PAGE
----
Culturally Inclusive, Responsive, and Accessible Teaching and Learning:
A General Approach for Teaching in any Discipline
Author: Sarah Taylor, MSW, PhD, Assistant Professor, Department of Social Work
Good culturally inclusive, responsive, and accessible teaching is really just good teaching, especially in a place like CSUEB, where our learners are extraordinarily diverse across many domains of human experience, including, but not limited to: race/ethnicity, socioeconomic background, (dis)ability status, sexual orientation, gender, age, immigration experience, religion, and culture. If we are only teaching to students who learn from traditional pedagogical techniques, we are reaching only a small number of the students in each class.
Becoming a diversity-sensitive educator is about being in a state of constant learning. Even after many years of experience, I still make mistakes, and that is okay. The goal is to be self-reflective about teaching, so that mistakes are opportunities to hone skills and to engage the class in a discussion about lifelong learning and cultural humility. My mistakes, and transparency about them, have led to critical dialogues that have allowed students to share their own experiences in interacting with diverse individuals without feeling judged.
Culturally inclusive, responsive, and accessible teaching is more about pedagogical practices than about the content being taught. Integrating articles, films, activities, and books related to diversity is necessary, but not sufficient, for reaching diverse learners. If the overall teaching approach stifles dialogue, leaves some students unable to access the content, and inhibits self-reflection, it is unlikely that deep learning will take place, regardless of the content of the course.
In my classes, I strive to create a culturally inclusive, responsive, and accessible learning community with the following characteristics:
- Casts instructor as the lead learner and frame-maker.
- Supports an accessible, safe, respectful environment for all.
- Builds on strengths and perspectives that all learners bring.
- Holds high expectations for students while providing a lot of support.
- Meets learners where they are at.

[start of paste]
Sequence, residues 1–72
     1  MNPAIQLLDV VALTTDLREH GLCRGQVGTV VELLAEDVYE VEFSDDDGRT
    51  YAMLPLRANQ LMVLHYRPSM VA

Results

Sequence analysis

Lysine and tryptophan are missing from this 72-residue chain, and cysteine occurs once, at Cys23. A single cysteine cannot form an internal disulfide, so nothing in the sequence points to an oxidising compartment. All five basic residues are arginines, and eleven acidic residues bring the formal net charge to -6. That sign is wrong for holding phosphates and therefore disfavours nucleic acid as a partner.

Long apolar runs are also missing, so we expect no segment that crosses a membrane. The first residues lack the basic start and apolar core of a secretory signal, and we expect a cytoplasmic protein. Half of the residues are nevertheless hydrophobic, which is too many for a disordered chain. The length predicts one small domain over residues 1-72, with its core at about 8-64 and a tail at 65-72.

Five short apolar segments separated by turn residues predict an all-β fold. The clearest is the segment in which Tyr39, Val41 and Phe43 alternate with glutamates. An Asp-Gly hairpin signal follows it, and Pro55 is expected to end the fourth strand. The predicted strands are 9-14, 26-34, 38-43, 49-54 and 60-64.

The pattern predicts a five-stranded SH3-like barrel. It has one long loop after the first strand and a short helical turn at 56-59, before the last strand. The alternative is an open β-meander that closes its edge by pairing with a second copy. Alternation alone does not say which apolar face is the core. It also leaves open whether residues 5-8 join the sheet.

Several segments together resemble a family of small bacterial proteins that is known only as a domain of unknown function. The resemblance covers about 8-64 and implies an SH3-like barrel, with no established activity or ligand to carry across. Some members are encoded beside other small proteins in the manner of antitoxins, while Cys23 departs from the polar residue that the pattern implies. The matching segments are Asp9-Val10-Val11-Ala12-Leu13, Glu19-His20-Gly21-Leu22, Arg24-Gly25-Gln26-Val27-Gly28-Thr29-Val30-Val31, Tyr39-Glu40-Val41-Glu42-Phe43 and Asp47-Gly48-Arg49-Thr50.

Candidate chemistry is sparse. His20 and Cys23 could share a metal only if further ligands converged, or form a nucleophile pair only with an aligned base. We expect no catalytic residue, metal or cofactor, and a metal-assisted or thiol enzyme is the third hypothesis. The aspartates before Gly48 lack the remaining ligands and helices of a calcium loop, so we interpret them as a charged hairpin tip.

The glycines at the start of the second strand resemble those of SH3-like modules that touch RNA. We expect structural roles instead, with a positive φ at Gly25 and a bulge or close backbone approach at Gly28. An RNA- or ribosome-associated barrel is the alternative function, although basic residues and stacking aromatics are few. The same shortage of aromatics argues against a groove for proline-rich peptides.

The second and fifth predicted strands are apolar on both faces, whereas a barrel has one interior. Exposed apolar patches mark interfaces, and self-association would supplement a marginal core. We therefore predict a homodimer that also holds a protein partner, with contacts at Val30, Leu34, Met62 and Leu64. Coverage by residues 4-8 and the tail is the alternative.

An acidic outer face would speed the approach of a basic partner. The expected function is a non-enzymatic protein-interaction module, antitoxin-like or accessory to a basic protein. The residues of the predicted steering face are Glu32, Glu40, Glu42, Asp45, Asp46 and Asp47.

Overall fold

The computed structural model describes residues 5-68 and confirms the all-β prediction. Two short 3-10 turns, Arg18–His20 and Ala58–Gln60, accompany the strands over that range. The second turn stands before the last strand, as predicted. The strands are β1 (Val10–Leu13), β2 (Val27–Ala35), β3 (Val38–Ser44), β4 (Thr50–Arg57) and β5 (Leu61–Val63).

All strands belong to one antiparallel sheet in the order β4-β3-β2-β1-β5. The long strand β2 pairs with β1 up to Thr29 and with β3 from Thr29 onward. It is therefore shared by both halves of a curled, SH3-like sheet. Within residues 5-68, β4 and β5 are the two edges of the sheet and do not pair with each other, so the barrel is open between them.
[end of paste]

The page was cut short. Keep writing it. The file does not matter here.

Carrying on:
- Sets an explicit goal that the ideal is for all students to succeed.
Some of the strategies I use to create this learning community include: 1) Self-Reflection and Support; 2) Access for all students; 3) Respectful classroom environments; 4) Opportunities for collaboration and student feedback; and 5) Fun, intentional communities.
1. Self-Reflection and Support
When driving home after class, I try to ask myself these questions:
- Were there moments of conflict or disconnection in the class? Is it possible that some or all of the problems were due to diversity-related issues?
- Were there moments of synergy and connection in the class? What went right in those moments?
- Was the class session accessible to all kinds of learners and to students from varying educational and cultural backgrounds?
- Were all of the materials accessible and engaging?
- How did I convey openness to receiving constructive feedback from students? How did I respond to any feedback received?
- What will I do differently next time?
It has been especially helpful to have mentors and colleagues to process all of these issues with, both informally over coffee, and formally, in faculty learning communities and other team projects focused on diversity-sensitive teaching and learning.
2. Access for all Students
Access is inclusive not only of legal accommodations for students with (dis)abilities, but of learning styles, educational background, comfort with technology, etc. Some techniques that support access for all students include:
- Consult with Accessibility Services anytime you have a question.
- Post an agenda for each class, in advance of the class meeting, so that students can prepare for class.
- Always use visual materials. Post the syllabus, powerpoint slides, articles, and other materials to blackboard so students can review these before and during class. Avoid posting PDFs whenever possible because they are not as screen reader-friendly.
- Mix lecture, small group work, discussion, hands-on activities, tests, films, readings, high tech and low tech activities, papers, role plays, oral presentations, etc., acknowledging that not all activities will be the best fit for all students, but that the goal is to provide some opportunities for each student to shine.
- Identify the most essential elements of the class. Then think flexibly and creatively about how students can demonstrate their mastery of those elements.